Beyond the lake, I have an easier time following the guidebook, even while contouring across a talus slope to reach the “dark bluff” that overlooks Bench Canyon. At first glance, the descent into this pristine, sinuous canyon appears treacherous, but, as with most of the cross-country travel, turns out to be relatively straightforward.
Steve Roper spares no superlatives when he describes Bench Canyon, and I can’t help but agree with him – this is an incredibly beautiful place! A wide creek winds across the canyon floor, through dense pine groves, open meadows, and over granite slabs. The wildflowers seem to have finished blooming already, which is a tad disappointing; I was looking forward to experiencing what Roper calls a “fairyland” of blossoms. Ah well – I suppose I’ll have to come back earlier in the season sometime!
The Sierra High Route follows the canyon to its terminus at Blue Lake, and I thoroughly enjoy the walk. It’s easy going, wandering through the meadows, and there isn’t another person around; it’s all mine to enjoy! By the time I reach Blue Lake, my stomach is rumbling so I stop for a lunch break and admire the scenery. My feet and legs are pretty tired too, so I rest for a while, soaking my feet in the icy water and napping on the soft turf.
My next obstacle for the day is Blue Lake Pass. Roper describes the ascent as a series of “easy” grass ramps… it’s certainly a straightforward climb, but hardly an easy one. I pant all the way up to the 11,250′ pass, taking plenty of breaks to catch my breath along the way. The views from the pass are well worth the effort! To the east, I can see the entire Ritter Range as well as several other ranges to the south. On the western side of the pass lies Yosemite National Park; the Clark Range stretches prominently across the horizon. I find a pass log stuffed into a glass jar between some rocks. These are always fun to read! I sign the log myself – gotta immortalize this moment!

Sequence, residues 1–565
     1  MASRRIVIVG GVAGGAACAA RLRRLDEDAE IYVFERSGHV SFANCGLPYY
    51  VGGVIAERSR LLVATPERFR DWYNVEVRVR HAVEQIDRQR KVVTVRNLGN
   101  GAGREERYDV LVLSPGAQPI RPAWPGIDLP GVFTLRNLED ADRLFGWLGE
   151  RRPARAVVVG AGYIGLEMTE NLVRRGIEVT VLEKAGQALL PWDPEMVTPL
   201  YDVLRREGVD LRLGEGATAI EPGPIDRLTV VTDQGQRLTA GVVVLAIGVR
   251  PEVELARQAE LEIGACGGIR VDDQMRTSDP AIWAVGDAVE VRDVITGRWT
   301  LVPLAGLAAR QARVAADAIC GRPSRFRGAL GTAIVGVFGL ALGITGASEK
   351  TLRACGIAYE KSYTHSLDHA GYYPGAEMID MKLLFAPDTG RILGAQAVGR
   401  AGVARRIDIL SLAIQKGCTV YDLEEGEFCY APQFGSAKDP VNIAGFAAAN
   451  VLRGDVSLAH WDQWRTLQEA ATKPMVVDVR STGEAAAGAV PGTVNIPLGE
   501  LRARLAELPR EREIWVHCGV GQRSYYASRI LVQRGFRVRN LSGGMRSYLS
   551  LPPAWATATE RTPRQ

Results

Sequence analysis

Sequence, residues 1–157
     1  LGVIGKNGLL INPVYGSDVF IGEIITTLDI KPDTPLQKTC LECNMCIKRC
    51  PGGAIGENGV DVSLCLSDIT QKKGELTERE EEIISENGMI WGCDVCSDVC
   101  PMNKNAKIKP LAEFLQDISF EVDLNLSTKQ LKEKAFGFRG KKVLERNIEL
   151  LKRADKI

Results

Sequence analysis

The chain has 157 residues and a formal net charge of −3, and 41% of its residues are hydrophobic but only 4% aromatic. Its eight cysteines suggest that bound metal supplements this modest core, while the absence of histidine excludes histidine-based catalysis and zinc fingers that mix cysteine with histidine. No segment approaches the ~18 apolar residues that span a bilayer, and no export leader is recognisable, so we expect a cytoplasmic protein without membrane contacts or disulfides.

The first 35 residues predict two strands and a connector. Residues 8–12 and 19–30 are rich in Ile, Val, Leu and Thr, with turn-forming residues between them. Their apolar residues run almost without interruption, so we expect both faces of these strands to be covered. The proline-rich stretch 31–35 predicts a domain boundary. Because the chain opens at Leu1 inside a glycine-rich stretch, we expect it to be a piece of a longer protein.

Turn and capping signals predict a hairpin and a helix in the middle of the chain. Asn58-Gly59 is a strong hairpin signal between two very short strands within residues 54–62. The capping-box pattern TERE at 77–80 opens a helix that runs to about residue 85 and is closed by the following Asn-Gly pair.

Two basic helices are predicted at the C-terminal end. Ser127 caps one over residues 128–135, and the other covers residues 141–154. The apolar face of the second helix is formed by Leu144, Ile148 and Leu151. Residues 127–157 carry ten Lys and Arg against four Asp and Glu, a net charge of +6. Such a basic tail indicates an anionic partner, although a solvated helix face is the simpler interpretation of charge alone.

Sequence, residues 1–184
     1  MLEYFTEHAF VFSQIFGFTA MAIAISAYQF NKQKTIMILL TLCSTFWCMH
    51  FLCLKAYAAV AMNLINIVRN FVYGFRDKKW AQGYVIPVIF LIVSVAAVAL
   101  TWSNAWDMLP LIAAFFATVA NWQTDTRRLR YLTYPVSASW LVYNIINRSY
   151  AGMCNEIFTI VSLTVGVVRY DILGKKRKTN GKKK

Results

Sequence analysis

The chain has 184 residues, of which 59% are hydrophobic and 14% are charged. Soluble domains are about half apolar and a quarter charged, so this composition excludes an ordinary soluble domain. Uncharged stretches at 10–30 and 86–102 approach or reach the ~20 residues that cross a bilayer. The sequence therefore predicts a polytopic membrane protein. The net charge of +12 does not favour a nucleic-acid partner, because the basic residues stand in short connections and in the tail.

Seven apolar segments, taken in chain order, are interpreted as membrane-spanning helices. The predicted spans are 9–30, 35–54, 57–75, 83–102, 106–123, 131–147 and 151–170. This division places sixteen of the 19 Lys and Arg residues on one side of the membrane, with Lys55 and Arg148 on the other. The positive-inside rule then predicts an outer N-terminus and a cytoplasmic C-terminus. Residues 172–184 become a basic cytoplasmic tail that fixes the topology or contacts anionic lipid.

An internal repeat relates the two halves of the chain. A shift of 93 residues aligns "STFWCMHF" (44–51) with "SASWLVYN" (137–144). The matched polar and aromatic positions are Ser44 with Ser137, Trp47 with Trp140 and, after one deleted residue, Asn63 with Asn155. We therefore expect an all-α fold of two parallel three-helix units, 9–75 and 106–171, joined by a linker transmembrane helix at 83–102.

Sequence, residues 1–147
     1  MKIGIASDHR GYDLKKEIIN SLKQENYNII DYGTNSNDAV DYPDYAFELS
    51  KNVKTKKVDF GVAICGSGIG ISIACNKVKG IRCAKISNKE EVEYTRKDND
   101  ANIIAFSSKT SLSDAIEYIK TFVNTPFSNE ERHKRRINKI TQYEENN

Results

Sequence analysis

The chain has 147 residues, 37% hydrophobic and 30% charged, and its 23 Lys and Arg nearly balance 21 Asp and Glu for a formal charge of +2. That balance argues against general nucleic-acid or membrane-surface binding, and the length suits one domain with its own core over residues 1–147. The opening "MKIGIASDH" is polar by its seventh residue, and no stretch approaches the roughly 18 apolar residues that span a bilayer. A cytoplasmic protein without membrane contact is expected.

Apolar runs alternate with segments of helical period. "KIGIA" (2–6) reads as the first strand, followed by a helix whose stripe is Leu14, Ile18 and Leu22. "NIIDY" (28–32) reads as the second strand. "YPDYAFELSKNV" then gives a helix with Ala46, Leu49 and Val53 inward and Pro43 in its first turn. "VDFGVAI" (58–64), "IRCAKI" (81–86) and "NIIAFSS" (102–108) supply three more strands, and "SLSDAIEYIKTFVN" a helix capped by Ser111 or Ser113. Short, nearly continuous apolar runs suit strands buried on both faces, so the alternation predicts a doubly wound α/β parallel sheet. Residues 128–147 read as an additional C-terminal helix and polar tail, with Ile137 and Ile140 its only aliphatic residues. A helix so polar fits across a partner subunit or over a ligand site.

The descent into Yosemite from Blue Lake Pass isn’t particularly enjoyable — it’s mostly just talus hopping — but I do have fun on a short glissade! Once I reach the rockbound lake below the pass, it’s easy going for several hours. I simply wander across meadows, rock slabs, and sandy plains toward the prominent, pyramidal Peak 11,210. While the walking is easy, it’s not particularly comfortable. I’m hot and annoyed by persistent mosquitoes; not my favorite way to travel.
Once I reach the slopes of Peak 12,100, I leave the open meadows and descend through a dense forest toward an unnamed lake. Just beyond the lake I find the Isberg Pass Trail — I’m done route-finding for a few days! Following the gently rolling trail, I hike around Peak 11,210 until I reach the edge of the Lyell Fork Canyon. A long ramp along the canyon wall makes for a relatively gentle descent, but my joints aren’t too happy about it regardless. I’m running a bit low on water and have been hoping to take a nice, shaded break on the banks of the Lyell Fork. However, when I arrive at the river I’m immediately swarmed by dozens of mosquitoes, so any plan of an extended break is immediately gone. I spend all of 30 seconds looking for a convenient log crossing but, frustrated by the flying vampires, I give up and just wade through the shallow water to the opposite bank. Wet feet? Oh well.